Tag Archives: toothbrush

Back to School Dental Tips

Start the school year with a smile: 3 back-to-school tips

It’s the start of a new school year, and your kids are set with new clothes and school supplies. But don’t forget about oral health! Add these dental health tips to your back-to-school checklist.

1. Take your kids to the dentist

Start the school year right with a dental cleaning and exam. Ask your child’s dentist about sealants and fluoride treatments to prevent decay. These treatments are easy ways to stop cavities before they start. And they can even improve your child’s performance at school. A third of children miss school because of oral health problems, according to Delta Dental’s 2015 Children’s Oral Health Survey.

2. Pick the right snacks

Swap out lunchbox no-no’s with healthy alternatives. Instead of chips or crackers, try nuts. Salty snacks may seem healthy because they don’t contain sugar, but simple starches can be just as bad. These snacks break down into a sticky goo, coating teeth and promoting decay. Replace juice and soda with milk or water. Avoid candies and granola bars, offering crunchy snacks like celery sticks, baby carrots and cubes of cheddar cheese.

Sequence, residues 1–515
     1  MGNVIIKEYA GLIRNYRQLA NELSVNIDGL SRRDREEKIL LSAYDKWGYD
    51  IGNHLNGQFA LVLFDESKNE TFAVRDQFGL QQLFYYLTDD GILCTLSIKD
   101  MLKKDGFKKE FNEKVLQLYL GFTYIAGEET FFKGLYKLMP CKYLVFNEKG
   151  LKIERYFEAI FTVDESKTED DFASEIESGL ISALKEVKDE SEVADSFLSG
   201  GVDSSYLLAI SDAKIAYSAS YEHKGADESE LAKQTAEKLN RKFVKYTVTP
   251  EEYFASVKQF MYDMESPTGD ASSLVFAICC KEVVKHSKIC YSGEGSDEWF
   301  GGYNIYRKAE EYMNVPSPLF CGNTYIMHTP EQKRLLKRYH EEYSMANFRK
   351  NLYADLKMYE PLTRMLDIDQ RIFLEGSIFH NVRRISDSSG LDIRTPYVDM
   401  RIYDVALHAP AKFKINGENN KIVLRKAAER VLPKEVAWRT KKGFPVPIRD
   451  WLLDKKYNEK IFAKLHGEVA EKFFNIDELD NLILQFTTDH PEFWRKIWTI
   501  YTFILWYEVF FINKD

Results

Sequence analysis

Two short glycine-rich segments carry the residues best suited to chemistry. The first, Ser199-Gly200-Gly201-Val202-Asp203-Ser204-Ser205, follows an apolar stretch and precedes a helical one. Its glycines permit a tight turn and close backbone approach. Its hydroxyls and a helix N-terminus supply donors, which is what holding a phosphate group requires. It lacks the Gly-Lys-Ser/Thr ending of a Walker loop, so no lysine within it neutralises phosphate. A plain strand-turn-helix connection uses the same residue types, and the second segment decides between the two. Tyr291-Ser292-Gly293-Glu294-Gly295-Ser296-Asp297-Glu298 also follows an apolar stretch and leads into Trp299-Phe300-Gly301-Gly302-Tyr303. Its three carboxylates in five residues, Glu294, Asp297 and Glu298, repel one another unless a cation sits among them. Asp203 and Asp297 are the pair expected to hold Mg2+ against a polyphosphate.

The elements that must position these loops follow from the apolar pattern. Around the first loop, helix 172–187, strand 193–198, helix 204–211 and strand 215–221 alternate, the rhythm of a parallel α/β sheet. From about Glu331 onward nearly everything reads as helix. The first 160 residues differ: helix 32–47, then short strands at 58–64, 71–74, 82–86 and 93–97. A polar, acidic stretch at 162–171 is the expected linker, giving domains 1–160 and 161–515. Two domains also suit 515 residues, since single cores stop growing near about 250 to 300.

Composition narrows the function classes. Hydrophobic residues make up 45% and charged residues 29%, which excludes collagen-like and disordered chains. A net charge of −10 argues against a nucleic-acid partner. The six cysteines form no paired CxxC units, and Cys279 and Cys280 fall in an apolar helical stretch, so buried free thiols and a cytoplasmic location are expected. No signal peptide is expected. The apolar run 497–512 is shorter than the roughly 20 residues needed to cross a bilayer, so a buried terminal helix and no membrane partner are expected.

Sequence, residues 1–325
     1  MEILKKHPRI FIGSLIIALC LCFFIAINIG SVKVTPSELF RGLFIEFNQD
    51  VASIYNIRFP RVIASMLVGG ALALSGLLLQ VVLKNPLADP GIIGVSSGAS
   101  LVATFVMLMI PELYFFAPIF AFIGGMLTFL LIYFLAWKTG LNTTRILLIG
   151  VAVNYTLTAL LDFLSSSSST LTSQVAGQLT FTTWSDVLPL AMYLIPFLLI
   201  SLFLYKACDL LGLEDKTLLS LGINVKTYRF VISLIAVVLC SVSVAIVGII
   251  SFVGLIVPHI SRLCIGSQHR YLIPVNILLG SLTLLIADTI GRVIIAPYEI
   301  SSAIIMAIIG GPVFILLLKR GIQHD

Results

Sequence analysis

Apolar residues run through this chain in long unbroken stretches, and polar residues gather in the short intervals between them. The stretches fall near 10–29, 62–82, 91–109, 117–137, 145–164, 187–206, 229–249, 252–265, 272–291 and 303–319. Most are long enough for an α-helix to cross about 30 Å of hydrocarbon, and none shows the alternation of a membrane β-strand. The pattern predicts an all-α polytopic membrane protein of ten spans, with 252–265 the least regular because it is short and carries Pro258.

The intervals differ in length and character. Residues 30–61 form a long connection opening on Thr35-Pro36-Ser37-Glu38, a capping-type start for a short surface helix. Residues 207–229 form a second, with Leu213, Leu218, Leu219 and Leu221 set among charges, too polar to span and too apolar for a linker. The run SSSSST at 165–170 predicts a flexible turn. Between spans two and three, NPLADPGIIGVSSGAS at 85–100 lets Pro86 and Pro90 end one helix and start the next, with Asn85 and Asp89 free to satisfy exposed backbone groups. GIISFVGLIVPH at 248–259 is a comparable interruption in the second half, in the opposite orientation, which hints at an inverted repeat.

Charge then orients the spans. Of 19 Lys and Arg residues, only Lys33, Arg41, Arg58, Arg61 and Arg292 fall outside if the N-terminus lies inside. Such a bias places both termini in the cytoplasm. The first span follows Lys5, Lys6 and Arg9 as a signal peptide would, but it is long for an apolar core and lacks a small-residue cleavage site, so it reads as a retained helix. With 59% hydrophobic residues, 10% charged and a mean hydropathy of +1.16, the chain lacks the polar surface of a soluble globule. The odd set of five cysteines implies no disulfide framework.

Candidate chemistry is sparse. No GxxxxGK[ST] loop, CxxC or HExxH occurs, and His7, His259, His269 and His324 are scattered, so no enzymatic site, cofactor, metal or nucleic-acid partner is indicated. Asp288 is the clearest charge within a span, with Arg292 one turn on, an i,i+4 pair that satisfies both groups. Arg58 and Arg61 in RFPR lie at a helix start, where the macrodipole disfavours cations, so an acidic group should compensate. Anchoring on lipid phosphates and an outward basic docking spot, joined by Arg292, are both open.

3. Make brushing and flossing fun

To keep their mouths healthy, kids need to brush twice a day for two minutes at a time. They should also floss every day, preferably after dinner. Try these tricks to make oral hygiene more exciting:

  • Use a sticker calendar. Let your kids place stickers on each day to represent brushing and flossing.
  • Play music. Collect your kids’ favorite two-minute songs and make sure they brush the whole time.
  • Personalize. Help your child pick a themed toothbrush in his or her favorite color.
  • Provide a kid-friendly floss holder. These Y-shaped devices make flossing more comfortable

We hope you have a wonderful school year and be sure to keep those smiles happy and healthy!

To schedule your next appointment, please call us at 972-242-2155. Or, you can use the “Ask Dr. Griffin” form at the top of this page.